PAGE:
It started with a wisp, a tug at the canvas. By morning it was bumping us around like a pinball on the road. Now it’s kept us holed up in Bahia San Luis Gonzaga, as beautiful a place as you could hope to be holed up in. It is not El Norte,the usual winter wind which starts up in the morning and windsurfers and kiteboarders down the coast. This is el Oeste—Pacific-borne—rolling over the mountains and carrying the desert with it. Sand crawls into bedding and dishes and turns hair grey. Trees don’t slow it; it’s ceaseless, a torrent the shrimp boats must hide from on the south side of the Peninsula.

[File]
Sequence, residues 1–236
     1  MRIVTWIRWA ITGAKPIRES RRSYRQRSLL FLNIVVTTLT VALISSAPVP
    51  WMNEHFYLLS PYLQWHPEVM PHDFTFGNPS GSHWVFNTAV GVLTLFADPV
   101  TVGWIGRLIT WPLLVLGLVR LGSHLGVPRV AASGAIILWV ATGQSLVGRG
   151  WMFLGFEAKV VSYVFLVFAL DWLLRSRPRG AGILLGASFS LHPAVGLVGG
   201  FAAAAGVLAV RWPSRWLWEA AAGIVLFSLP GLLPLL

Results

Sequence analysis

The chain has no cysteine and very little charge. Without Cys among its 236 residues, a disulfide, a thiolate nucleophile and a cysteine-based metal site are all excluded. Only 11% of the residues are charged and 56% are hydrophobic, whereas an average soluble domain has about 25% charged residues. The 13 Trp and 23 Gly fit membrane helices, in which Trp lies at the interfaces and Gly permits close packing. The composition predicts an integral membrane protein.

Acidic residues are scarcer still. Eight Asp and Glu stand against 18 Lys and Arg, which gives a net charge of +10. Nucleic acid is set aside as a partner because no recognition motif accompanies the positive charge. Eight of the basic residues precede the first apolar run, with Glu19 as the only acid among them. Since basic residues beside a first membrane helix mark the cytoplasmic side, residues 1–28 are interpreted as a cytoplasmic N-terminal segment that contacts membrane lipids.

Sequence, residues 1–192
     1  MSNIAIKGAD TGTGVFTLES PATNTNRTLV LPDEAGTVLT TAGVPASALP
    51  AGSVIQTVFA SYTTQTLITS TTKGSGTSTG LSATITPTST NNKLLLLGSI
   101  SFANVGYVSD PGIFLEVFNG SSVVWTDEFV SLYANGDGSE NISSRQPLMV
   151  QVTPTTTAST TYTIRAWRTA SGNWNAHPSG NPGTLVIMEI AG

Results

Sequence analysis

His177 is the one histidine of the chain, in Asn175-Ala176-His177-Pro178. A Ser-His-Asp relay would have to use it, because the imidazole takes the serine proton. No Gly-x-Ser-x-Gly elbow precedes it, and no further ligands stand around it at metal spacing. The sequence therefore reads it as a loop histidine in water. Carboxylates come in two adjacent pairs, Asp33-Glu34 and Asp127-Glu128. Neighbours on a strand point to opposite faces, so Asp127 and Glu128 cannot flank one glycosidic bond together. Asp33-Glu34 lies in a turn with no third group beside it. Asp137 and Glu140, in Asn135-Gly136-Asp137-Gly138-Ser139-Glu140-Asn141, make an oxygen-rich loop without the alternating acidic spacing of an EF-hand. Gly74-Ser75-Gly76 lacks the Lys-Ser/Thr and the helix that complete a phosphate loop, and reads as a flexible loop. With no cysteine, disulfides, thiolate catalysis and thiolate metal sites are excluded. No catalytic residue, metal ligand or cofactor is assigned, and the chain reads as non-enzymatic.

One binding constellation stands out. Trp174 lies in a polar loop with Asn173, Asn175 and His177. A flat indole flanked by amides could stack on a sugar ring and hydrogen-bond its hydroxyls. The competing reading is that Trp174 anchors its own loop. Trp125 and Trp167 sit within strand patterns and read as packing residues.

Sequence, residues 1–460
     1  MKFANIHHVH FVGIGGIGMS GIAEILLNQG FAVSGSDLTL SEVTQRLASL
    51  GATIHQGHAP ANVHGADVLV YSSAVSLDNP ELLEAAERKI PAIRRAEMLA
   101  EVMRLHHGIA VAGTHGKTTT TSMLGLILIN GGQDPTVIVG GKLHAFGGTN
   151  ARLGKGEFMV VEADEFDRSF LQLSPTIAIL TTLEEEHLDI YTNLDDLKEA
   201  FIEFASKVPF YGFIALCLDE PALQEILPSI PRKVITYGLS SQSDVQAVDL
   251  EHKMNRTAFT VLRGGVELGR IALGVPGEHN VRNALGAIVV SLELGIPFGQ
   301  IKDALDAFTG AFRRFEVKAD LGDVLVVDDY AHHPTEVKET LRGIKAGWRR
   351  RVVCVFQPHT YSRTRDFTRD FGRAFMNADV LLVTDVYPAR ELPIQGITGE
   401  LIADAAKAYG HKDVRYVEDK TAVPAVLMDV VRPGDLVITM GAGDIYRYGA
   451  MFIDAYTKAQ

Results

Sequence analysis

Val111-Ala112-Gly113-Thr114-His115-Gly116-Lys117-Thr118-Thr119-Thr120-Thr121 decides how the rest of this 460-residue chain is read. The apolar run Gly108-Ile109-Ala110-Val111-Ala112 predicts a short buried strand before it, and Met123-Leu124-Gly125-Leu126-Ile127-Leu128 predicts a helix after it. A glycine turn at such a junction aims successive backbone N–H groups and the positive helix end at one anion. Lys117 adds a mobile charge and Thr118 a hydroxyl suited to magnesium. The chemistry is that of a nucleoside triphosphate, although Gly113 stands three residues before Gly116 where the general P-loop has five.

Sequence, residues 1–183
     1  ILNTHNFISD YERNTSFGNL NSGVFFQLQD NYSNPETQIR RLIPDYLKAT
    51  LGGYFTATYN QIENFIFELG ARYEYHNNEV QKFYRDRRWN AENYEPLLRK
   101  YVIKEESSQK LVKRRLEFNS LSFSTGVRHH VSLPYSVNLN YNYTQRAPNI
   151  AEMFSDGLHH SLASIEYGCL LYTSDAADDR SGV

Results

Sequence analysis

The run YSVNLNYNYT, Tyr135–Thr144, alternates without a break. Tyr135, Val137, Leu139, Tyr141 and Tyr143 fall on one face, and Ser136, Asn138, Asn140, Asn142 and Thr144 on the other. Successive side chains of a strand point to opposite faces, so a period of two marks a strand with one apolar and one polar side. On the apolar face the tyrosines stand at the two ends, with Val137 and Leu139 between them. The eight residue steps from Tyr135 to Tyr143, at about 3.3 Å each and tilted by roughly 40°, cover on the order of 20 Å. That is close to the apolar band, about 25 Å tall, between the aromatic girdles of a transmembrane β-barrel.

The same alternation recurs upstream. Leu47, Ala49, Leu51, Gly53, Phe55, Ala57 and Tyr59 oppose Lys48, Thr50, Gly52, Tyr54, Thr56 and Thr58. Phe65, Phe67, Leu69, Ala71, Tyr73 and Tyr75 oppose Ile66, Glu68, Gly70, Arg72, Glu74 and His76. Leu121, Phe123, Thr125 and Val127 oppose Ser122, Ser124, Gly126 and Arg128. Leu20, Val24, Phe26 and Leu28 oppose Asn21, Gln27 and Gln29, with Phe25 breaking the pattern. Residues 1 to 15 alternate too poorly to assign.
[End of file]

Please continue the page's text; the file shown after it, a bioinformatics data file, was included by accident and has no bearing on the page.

El Oeste comes with blue skies, and elongated clouds during the day and a carpet of stars at night. It lags at sunset but renews its force throughout the night. It is insidiously irritating, as if something had crawled under the skin and couldn’t be found. From a picture, it wouldn’t appear ferocious, but on the ground it buffets our metal box enough to make us think we might tip over. We drive through sheets of sand to take refuge behind the nearest vacant home. It’s strong enough to make us think of los huracanes—the hurricanes which ream into the Baja Peninsula during many Septembers. We are grateful for our shelter. We are grateful el viento oeste reminds us of the larger forces shaping our world. The wind roars on as we turn to sleep.